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The Iberian Horseshoe — A Journey

Part IV. North East

Championing Defeat

Steve Porter
Smaller text sizeDefault text sizeBigger text size Add to my bookshelf epub mobi Permalink Ebook MapOporto, Ponte Dom Luis
I would be in exile now, but everywhere’s the same.
Phil Ochs

The cloister door opens onto an elegant courtyard. Ubiquitous lizards scurry from the fountain to the hedgerows. A red and yellow flag is flying from the bell tower. The flag, according to legend, bears the blood of Guifré el Pilós or Wilfred the Hairy, so named because he was said to have hair on a part of his body where it should not have been. The ninth century count was fighting to remove the Saracens from Barcelona when he was wounded in battle. After the victory, Louis the Pious, son of Charlemagne, came to visit, dipped his fingers in Wilfrid’s blood and created four red stripes on the Count’s shield. Wilfrid, became patron of the monastery here in Ripoll, and later a symbol of Catalan independence.

Lodged in a wall, between arched pillars, is a simple sarcophagus casket containing the remains of the ‘Hairy One.’ The wooden shelf is cracked and looks as if it could collapse at any moment, giving his bones a nasty shake.

I leave the cloister and go to sign the visitors’ book. The woman behind the desk says, “Oh you are British, I thought maybe you were American. Wasn’t that a terrible tragedy? Our national day will never be the same. Maybe we will even have to change the date in case people think we are supporters of Bin Laden.”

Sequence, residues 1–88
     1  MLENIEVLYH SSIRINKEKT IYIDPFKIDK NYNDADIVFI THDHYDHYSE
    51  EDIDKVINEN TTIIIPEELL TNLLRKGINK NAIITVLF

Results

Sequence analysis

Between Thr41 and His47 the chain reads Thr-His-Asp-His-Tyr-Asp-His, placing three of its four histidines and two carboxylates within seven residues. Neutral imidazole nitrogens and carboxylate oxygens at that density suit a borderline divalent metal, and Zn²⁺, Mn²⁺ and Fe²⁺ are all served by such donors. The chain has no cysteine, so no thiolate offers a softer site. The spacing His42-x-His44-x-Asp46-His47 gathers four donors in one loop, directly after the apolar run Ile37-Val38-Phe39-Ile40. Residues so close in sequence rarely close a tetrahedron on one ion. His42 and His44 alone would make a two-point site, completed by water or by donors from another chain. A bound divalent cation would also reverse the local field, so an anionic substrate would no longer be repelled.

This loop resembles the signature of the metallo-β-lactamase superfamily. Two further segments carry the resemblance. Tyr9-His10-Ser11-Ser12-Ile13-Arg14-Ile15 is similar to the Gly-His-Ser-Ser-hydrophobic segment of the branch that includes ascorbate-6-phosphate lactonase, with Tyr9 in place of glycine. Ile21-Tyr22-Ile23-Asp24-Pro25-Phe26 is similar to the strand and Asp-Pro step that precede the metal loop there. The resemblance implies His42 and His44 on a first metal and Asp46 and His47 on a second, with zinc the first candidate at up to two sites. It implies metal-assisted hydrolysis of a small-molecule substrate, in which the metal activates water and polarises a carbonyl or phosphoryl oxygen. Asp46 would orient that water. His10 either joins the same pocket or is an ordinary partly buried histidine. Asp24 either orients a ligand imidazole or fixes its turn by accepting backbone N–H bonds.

The Catalans have been celebrating September the eleventh since 1714, when after the War of the Spanish Succession, stubborn resistance to Bourbon rule was finally crushed in Barcelona. It occurred to me that Catalonia was battling to maintain some sense of autonomy around the same time that the Scots were handing theirs over to London.

As a bell tolls outside the church, I think of some memorable dates in Scottish history: the battle of Flodden, on the ninth of September 1513, the rout of the Jacobites at Culloden in 1746, and in my own lifetime, the disastrous World Cup campaign of Argentina 1978. Why are the small nations of Europe so keen to recall heavy defeats?

The people of Ripoll have gathered for a funeral in the Plaça de l’Ajuntament—a plaque claims the Catalan nation was founded here. I leave them to their small personal tragedy and stroll down to the river Ter, where lazy trout slowly drift downstream towards my new home in Torelló.

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Copyright ©Steve Porter, 2004
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Date of publicationMay 2007
Collection RSSGlobal Fiction
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